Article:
Synergies at work

A lot of research and media coverage focuses on climate changes' negative effect, but these climate impacts aren't operating in isolation.

Combatting temperature change and acidification at the same time is complicated enough. But there are very immediate human threats already putting pressure on corals. These pressures interact with each other, making it difficult for corals to adapt specifically to the climate threats.

Overfishing, tourism, transport and pollution, for example, long predate the industrial era and for many corals, climate change may not be the greatest threat to their survival.

Professor Terry Hughes from James Cook University, Australia, explains:

"Coral decline won't just start in the 21st century, and it won't just be caused by climate change. Climate change impacts are pre-dated by centuries of overfishing and pollution, so climate change compounds them, not the other way round."

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Corals at the Apo Islands, Phillipines. Source: Google Earth

Taking action

Even though some research suggests corals have some capacity to adapt, scientists by and large agree corals face severe decline in the future. Evolution and adaptation are possible, but this depends on the rate of environmental change. Whether or not humans should interfere with these processes is something that divides scientists.

Some suggest the best chance for corals to survive climate change is through assisted migration. This essentially means digging up and moving corals from one area to another, much further afield.

But the idea has met with a lot of criticism. Corals have poor chances of survival in habitats they are not readily adapted to, and there's a risk that other species and viruses might also be transplanted. Instead, many scientists say the focus should be on protecting reefs to improve their resilience.

Dr Joerg Wiedenmann from the University of Southampton explains:

"This means addressing other negative impacts such as nutrient run-off (pollution), overfishing or damaging coastal construction"

And Professor John Pandolfi agrees with these sentiments, saying:

"It's been shown time and time again now that the best thing we can do to climate-proof our reefs it to manage them for the local threats that all of them are under"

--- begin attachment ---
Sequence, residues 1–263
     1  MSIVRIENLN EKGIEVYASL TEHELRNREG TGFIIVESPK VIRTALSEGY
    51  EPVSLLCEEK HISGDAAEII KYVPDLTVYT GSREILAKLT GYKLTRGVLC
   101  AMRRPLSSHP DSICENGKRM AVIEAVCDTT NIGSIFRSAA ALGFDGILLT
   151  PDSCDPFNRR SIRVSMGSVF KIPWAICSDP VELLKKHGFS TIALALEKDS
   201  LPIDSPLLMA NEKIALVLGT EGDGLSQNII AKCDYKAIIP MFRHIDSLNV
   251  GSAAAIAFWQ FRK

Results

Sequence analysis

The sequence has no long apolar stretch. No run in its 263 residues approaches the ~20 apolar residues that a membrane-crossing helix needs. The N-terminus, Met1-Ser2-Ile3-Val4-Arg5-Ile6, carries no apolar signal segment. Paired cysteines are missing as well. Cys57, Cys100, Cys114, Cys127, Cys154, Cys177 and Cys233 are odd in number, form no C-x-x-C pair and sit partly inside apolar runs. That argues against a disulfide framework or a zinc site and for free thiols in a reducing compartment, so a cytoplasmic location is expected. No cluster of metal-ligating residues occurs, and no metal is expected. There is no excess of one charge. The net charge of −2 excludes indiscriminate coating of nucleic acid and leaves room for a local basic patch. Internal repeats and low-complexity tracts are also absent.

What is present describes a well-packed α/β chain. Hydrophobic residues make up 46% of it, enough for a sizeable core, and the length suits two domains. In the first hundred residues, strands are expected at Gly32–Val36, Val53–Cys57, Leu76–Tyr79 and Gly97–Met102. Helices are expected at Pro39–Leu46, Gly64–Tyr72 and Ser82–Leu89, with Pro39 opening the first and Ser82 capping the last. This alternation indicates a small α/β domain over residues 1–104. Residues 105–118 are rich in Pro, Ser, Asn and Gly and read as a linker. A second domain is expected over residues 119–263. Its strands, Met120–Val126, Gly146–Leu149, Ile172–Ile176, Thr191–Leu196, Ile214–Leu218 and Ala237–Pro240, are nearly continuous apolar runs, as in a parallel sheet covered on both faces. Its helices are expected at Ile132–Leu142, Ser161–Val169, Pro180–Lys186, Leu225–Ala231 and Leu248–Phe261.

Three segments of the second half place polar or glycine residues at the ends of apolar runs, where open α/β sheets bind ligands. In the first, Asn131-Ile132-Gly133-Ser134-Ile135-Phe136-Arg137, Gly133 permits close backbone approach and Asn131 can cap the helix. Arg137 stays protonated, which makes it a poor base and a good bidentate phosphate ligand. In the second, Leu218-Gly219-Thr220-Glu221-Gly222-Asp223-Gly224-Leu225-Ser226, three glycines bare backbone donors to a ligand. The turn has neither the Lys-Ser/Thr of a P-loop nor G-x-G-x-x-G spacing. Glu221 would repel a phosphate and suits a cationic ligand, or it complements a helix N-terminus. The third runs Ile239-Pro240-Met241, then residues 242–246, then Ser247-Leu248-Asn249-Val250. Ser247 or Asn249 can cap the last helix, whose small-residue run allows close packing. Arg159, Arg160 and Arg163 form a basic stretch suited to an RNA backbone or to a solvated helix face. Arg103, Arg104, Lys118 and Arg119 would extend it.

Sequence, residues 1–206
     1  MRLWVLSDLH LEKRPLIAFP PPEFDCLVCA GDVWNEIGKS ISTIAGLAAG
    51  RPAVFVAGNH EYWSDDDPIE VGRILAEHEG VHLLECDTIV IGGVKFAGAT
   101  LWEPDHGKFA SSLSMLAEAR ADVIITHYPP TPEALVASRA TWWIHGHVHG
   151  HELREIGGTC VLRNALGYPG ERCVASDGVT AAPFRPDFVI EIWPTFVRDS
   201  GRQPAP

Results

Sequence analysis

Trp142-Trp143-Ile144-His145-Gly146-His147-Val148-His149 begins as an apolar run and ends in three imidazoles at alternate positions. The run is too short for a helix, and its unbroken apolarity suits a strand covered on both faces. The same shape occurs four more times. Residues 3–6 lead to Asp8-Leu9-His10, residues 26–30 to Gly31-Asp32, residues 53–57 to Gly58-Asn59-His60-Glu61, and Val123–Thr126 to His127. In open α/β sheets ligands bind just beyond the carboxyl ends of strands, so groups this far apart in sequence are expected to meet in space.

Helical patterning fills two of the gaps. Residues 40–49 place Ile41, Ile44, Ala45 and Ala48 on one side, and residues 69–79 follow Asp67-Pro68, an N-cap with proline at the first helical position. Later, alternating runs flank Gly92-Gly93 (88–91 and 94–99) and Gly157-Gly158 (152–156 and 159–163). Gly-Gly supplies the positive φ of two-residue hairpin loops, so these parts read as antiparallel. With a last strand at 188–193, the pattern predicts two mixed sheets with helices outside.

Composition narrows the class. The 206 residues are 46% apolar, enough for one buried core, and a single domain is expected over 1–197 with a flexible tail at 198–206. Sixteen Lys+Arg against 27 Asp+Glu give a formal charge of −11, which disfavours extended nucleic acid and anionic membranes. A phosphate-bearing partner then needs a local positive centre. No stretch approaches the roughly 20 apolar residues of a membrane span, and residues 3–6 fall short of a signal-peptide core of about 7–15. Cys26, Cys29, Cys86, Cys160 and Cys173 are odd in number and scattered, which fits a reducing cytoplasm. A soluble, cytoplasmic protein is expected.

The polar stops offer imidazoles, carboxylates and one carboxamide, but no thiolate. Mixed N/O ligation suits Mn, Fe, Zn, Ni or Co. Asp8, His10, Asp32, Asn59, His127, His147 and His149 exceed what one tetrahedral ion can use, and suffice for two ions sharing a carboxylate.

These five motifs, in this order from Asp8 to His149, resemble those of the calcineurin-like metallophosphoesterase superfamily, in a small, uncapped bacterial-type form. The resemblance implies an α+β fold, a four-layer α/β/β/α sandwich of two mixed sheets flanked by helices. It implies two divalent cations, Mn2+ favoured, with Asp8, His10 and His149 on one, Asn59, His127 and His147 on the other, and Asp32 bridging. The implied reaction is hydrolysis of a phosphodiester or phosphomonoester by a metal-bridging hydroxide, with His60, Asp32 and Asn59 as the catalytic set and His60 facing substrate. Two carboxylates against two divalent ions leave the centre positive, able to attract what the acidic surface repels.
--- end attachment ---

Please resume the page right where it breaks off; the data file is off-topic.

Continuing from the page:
The outlook's bleak - but not hopeless

The future for corals over the 21st century certainly looks challenging. Researchers predict that corals will continue to decline due to a variety of manmade factors, of which climate change is just one. Overfishing, pollution and industry already threaten these species, and rising temperatures and ocean acidification will almost certainly compound this. These combined effects might spell the end for a lot of coral species.

It's unlikely corals will be wiped out altogether, though. The range of species that currently make up reef communities will probably change. There will be winners and losers, but while some species may adapt, it looks like many more will decline.

At the moment, scientific evidence suggests the future for corals looks pretty bleak - but not yet hopeless. A certain amount of warming is already in the pipeline, and action is needed pretty urgently to try to avoid the worst case scenarios of coral decline. Scientists say the best way to tackle this is to make corals more resilient - by addressing the other human factors at play. 


Updated: 15/10/12 Sentence added to reflect new research on algal partners and ocean acidification - with hyperlink to PDF (free).

The images for this blog are taken from Google Maps, in conjunction with Caitlin Sea View Survey. They've made panoramas of some of the world great reef colonies freely available to view online, to enable scientists to study how oceans and thier corals are changing over time.